As 1996 progressed, I picked up a couple of extra Fett figures. I also bought the Shadows of the Empire repaint in a two pack with IG-88 when I found it at the Oxford Wal Mart while I waited to get an oil change so I could drive half way across the state to attend my cousin's wedding. I really couldn't get enough of the mold. At the time, Star Wars was a novelty. People my age grew up with it and were starting to carry that love into early adulthood. The Special Editions were still months away. And, the Prequels were just a pipe dream. The all Star Wars/all the time world we live in now was simply unfathomable. And, because of that, Star Wars was still something that was somewhat fringe.
At the height of my Star Wars collecting days in the late 1990's, I probably had half a dozen or more of these figures. I had a couple loose. I had an orange carded version, the green carded version, the freeze frame carded version and multiples of many of them. I fancied myself a "serious" collector even though I really didn't buy everything and I collected some of these items just to brag I had them. In 2007, it came time to move my Star Wars collection. I was back buying figures at retail and was upgrading all of the old POTFII era figures. In my zeal to remove the clutter, I got rid of everything: often for about 1/5 of what I had spent at retail for it: nostalgia be damned. A decade later, I had pangs of regret. This was driven by the fact that I now had young kids and those early POTFII figures would be great for them as they were indestructible, cool and worthless. I managed to find a bag of high quality figures at a local thrift shop. I only bought the bag as it also had a high quality, unbroken 1982 Straight Arm Snake Eyes figure in it. But, Boba Fett returned to my home. The fig below belongs to my boys who enjoy playing with him and I don't have to give Hasbro $8 for a crappy 5 POA figure they made in 2017.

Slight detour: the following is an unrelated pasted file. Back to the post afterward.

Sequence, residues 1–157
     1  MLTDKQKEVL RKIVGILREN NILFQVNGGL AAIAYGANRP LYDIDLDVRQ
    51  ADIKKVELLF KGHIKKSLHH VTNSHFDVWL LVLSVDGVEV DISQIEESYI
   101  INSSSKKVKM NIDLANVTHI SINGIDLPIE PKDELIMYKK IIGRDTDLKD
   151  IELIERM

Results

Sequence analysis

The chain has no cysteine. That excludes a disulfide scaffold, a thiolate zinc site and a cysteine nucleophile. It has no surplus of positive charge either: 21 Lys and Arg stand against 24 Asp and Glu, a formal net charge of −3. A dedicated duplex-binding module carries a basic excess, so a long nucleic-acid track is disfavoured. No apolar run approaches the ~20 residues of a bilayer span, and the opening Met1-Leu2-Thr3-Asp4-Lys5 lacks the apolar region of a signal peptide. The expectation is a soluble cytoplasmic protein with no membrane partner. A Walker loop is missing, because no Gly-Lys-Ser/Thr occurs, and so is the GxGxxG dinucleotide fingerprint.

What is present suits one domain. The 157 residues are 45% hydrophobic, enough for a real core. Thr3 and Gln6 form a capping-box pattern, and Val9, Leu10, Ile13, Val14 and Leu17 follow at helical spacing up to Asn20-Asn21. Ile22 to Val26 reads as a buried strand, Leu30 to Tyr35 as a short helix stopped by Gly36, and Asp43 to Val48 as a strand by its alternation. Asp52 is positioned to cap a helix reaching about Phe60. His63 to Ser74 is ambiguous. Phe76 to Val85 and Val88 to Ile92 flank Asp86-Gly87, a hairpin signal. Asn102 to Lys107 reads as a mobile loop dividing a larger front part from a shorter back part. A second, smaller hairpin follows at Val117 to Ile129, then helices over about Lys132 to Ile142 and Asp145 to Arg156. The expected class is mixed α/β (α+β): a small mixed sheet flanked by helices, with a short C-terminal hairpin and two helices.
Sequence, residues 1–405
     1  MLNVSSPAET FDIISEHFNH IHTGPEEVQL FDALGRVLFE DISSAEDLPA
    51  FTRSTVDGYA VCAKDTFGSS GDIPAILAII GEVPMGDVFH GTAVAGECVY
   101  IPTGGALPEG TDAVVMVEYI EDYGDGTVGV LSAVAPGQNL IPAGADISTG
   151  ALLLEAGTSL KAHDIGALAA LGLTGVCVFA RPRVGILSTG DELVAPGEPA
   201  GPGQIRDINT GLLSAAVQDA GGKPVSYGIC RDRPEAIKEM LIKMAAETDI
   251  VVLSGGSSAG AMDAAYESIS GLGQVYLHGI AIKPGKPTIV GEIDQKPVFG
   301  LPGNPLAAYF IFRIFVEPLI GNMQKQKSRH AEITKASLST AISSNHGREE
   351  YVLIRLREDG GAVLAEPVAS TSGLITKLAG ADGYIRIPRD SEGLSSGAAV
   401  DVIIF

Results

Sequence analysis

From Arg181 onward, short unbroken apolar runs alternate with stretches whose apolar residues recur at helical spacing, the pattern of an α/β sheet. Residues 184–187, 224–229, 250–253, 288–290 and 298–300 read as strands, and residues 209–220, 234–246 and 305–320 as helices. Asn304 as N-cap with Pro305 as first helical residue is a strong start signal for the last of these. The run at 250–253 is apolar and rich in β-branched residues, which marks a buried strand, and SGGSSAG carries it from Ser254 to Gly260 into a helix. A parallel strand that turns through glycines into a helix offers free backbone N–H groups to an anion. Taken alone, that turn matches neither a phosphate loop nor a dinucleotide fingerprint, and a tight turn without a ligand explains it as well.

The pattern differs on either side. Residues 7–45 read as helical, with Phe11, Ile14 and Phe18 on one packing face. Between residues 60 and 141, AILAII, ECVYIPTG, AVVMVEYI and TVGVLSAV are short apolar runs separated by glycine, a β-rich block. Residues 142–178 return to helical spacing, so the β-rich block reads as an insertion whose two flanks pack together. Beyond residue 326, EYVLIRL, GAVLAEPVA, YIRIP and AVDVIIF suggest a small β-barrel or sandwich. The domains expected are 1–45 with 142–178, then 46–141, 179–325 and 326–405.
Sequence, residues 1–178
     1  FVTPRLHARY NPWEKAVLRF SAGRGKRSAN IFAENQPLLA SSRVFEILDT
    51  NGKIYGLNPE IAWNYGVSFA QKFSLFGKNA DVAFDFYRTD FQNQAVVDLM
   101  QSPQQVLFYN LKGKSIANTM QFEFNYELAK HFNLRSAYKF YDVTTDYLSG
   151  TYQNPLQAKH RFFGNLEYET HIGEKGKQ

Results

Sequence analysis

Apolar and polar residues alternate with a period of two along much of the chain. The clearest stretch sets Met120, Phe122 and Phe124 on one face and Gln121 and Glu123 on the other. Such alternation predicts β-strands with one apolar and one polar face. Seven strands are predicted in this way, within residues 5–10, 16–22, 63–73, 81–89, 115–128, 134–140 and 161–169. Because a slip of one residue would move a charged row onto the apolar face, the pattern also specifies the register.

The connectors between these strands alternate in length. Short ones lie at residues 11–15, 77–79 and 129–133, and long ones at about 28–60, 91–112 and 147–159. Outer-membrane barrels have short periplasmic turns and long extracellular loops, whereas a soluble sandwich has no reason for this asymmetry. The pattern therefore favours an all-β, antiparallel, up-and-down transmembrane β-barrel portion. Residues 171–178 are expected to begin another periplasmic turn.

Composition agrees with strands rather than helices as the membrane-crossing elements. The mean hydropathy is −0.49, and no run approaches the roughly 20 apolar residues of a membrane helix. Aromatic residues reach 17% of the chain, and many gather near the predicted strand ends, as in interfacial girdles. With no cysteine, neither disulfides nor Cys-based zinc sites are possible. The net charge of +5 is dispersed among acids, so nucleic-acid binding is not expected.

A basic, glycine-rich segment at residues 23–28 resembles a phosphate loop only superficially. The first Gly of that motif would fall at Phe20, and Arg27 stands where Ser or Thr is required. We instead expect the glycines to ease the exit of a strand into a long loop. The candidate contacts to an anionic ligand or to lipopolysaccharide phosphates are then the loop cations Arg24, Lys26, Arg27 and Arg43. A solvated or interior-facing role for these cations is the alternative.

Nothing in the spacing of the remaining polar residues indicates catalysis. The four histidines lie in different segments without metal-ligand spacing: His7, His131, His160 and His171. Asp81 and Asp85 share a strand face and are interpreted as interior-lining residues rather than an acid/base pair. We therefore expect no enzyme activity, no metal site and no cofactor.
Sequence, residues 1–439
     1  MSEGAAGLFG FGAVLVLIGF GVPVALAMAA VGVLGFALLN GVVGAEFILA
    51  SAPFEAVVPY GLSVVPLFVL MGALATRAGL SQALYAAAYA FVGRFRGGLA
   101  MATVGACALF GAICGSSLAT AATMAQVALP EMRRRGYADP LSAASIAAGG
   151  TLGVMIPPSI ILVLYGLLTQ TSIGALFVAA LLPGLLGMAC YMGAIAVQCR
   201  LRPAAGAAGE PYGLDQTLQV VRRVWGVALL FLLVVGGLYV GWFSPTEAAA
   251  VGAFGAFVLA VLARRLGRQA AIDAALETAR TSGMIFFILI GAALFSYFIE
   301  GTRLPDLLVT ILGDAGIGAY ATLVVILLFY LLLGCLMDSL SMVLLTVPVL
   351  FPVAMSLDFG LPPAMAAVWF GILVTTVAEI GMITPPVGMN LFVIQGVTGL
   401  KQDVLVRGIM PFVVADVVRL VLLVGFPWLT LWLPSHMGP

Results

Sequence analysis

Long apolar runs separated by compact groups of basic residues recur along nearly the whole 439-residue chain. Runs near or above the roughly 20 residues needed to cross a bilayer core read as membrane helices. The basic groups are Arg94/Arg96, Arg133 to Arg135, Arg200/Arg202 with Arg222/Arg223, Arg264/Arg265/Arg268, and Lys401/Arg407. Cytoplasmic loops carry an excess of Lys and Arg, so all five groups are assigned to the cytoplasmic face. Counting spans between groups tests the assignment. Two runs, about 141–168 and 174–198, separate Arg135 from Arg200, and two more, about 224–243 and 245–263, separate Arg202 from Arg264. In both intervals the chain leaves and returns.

There was a time when Boba Fett figures were rare, expensive and popular. People would pay huge amounts for this figure if he had one of the glove paint variants or the right cardback. The mid 1990's were a silly time when it came to collecting toys. But, Boba Fett is probably the most popular character among collectors and Hasbro obliged not only by releasing this figure many, many times: but also constantly making new and better Boba Fett molds. As such, calling this figure worthless is an understatement. Mint on Card versions of this Boba Fett sell for under $5. (Though lots of dealers will sell a few for $10.) Loose versions aren't easy to find because who wants to handle a figure for a buck or two? And, frankly, if you're going to buy a Boba Fett figure to show off, there are dozens of better figures made subsequently that are equally easy to find and cheap. This figure was in production for years and was shipped in many case assortments. Hasbro was actually really good at keeping high demand characters on the shelves in 1997 and 1998: before the bottom fell out of the market. But, seeing this figure again reminds me of why I loved it so two decades ago and why I also got rid of it when better Fetts came along. It was fun, though, to recollect those mid 1990's toy runs. It was a great time in my life and this figure reminds me of that.